I had many different openings for this blog and couldn’t decide on one, so I’m going to let you choose.
Here are your options.
“We watched a BEYONCÉ video IN CLASS…”
“I never called myself a feminist in high school, but…”
“So, scheduling is coming around the corner, and if you’re looking to change your life AND get a GE (general education) credit…”
“You’re trying to decide if you want to go to Ohio State and you want to hear about my best college experiences…”
“Y’all, I’m WOKE…”
Alright. I think I covered all of them.
The reason I’m having so much difficulty starting this is because I’ve thought about writing about this (feminism) and a certain class I am taking many times. I mean, I now low-key introduce myself as a feminist and I don’t think a single blog can explain this drastic change from high school. Also, earlier this year I wrote about powerful women, and I feel like I didn’t explain all my thoughts behind it very well. So I had a lot of different ideas swimming around. But the whole point of this blog is that I want you to experience what I experienced, and one of the best ways you can do that is signing up for WGSST 2230: Women, Gender, and Race in the Media next fall. It’s the class that taught me to be an indefatigable feminist.
This is our Carmen homepage. Convinced?
So, let’s start with this.
In high school, I was always a mellow sort of gal. But near the end of my senior year, I started to realize that so many of my worries were intimately entwined with my identity of being female. And I started to notice disparities in the ways men and women were regarded. They were little things at first: girls treated as though they were a little more stupid even if they were a little bit smarter, boys being a little louder.
But then I realized it was so much more. It was the wage gap. It was the lack of opportunities for women’s education in undeveloped countries. It was the fact that less than 5% of Fortune 500 CEOs last year were women. It was women being treated as sexual objects, and men being some kind of dominating beings. It was high rates of rape and domestic violence and genital mutilation around the world. I feel like it’s unfair to summarize these things in little sentences when I’ve written pages and pages about each single aspect, but for the sake of making my point, I’m moving fast.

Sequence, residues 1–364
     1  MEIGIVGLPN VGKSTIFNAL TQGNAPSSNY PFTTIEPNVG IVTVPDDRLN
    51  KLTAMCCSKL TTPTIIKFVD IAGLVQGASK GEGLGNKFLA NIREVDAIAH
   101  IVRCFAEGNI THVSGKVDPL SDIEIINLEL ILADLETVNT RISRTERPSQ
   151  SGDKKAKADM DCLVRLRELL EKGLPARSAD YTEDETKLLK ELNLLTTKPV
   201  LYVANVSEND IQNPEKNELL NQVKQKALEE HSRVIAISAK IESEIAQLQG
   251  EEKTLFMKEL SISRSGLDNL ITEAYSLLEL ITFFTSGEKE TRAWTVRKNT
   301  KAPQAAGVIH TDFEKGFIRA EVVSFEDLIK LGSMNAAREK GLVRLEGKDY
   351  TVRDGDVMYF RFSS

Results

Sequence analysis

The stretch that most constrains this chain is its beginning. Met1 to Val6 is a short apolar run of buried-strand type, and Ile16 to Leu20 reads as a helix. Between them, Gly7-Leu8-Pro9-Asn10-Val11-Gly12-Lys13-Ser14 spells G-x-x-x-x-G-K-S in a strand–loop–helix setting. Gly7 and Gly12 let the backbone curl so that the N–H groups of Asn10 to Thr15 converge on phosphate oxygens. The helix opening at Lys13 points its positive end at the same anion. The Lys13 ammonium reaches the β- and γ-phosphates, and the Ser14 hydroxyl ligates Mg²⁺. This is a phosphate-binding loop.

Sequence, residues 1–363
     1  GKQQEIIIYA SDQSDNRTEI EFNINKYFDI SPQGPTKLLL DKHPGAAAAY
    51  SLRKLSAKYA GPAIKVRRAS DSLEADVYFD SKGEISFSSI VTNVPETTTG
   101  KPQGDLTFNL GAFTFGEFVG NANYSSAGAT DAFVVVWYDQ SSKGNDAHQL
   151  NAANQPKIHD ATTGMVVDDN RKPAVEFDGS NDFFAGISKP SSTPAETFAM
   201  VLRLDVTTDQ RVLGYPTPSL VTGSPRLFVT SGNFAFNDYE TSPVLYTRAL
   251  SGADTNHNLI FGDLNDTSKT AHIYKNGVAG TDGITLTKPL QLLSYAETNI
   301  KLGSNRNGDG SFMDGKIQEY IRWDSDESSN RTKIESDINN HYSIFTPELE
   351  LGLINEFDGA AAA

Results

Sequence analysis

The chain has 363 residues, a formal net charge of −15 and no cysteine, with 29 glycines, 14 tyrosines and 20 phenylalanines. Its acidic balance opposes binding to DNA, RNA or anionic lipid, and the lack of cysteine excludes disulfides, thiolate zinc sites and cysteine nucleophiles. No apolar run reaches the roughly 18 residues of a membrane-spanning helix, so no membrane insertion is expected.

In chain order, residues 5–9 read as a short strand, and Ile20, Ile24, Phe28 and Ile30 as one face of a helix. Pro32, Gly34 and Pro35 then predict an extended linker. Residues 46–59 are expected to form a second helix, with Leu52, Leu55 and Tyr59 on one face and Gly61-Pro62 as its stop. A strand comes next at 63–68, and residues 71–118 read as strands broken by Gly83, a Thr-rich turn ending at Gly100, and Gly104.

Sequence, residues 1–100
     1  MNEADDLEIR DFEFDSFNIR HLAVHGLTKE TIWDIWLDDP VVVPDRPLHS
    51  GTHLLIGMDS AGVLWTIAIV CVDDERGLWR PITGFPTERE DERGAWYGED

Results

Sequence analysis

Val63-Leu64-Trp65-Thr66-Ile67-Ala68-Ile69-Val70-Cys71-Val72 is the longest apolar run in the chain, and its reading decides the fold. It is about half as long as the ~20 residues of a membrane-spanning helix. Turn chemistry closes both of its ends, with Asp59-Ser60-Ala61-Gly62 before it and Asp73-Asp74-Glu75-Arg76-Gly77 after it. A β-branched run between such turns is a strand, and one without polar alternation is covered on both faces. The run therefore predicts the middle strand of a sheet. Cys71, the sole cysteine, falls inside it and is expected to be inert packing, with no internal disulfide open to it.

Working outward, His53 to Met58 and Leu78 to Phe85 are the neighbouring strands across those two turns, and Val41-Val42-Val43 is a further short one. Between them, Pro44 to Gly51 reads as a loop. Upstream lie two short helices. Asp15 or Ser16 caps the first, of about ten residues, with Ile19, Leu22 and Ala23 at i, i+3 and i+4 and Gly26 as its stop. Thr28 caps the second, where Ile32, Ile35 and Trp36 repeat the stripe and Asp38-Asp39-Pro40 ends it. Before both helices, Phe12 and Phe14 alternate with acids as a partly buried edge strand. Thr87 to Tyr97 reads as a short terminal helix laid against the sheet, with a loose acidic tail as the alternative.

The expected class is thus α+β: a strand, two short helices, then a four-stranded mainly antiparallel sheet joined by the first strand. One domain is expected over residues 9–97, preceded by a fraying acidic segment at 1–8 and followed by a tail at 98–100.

So, coming into college, I knew I wanted to take a class in the Women, Gender, and Sexuality Studies department. A friend recommended WGSST 2230. It counts as my visual and performing arts General Education credit and is a 3 credit hour course.
The class is, essentially, a pop culture class. We watch all sorts of pop culture videos: Beyoncé, Nicki Minaj, Fifth Harmony, Glee, the Captain America trailer, Disney trailers, slam poetry, etc. We also read articles related to the videos, discussing ideas like feminism, male hegemony, race, sexuality, class, ableism, and their intersectionality.
I started this class around the time I started calling myself a true, hardcore feminist, and this class opened my eyes to new dimensions of both oppression and capability. We talked about the big, obvious gaps I mentioned before. But I also realized that the little things weren’t just little things; they were effects of a culture of patriarchy and pervaded so many different aspects of girls’ lives.
For example, I might have previously said it isn’t a big deal that boys typically raise their hand in class a little bit more than girls do. But girls aren’t speaking up for so many reasons: they have been raised to be quiet, they have been disrespected before, they have been conditioned to fear that they are wrong. They don’t want to speak up and seem too aggressive: a 2010 study shows that when women outperform (in this case, out-speak) men, they are often viewed as unlikable. However, when women performed similarly to men, they are often viewed as less competent. This paradoxical nature makes girls afraid to be too much, afraid to even speak in class. So girls get quieter, and they stop saying and achieving as much as they can. Their ideas stop being spread. And slowly, men take higher positions and demand more respect, while girls continue keeping their hand down.
And once I recognized this, I started putting my hand up in class more often, even when I was in an economics class that girls hardly talked in.
More than anything, this class and feminism taught me to be whole in myself. The idea that warmth need not come from an external source shook my world and made me realize my own power. And after feeling that, I think that it’s something every girl should feel.
So does that mean that this is just a class for girls? I would say heck no . In fact, I think guys should be encouraged to take this class (we even spent a whole class tackling the ideal of masculinity). Whoever you are, it’ll open your eyes, and this is so critical because gender equality requires the cooperation of all genders. Also, one of my (mostly) white, straight, male friends took a class similar to this one and now comes with me to feminist plays because he understands the oppression women and other minority groups face. He is so woke. It’s super cool.
GE credit, liberation, one of the best parts of my Ohio State experience. I guess you can pick your ending here, too.